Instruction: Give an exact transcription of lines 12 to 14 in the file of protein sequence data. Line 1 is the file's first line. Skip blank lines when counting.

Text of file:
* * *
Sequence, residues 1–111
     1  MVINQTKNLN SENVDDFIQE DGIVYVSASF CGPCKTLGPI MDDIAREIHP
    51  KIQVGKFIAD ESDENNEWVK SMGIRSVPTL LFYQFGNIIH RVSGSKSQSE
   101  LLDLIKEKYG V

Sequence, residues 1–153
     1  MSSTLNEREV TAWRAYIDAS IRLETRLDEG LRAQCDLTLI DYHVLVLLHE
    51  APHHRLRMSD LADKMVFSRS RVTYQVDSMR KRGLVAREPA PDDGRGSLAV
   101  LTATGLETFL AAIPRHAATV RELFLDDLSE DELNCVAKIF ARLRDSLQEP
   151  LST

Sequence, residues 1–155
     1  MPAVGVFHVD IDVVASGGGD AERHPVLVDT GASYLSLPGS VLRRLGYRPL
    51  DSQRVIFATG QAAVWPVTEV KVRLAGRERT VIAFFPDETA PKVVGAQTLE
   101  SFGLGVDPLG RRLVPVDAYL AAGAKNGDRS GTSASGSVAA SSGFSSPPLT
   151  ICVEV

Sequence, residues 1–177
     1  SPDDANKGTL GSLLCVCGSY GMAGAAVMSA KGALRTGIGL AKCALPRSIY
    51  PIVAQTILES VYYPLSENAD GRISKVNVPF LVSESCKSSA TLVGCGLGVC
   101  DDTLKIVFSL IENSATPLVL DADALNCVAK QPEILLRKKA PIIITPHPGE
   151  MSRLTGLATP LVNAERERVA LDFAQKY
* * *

    51  DSQRVIFATG QAAVWPVTEV KVRLAGRERT VIAFFPDETA PKVVGAQTLE
   101  SFGLGVDPLG RRLVPVDAYL AAGAKNGDRS GTSASGSVAA SSGFSSPPLT
   151  ICVEV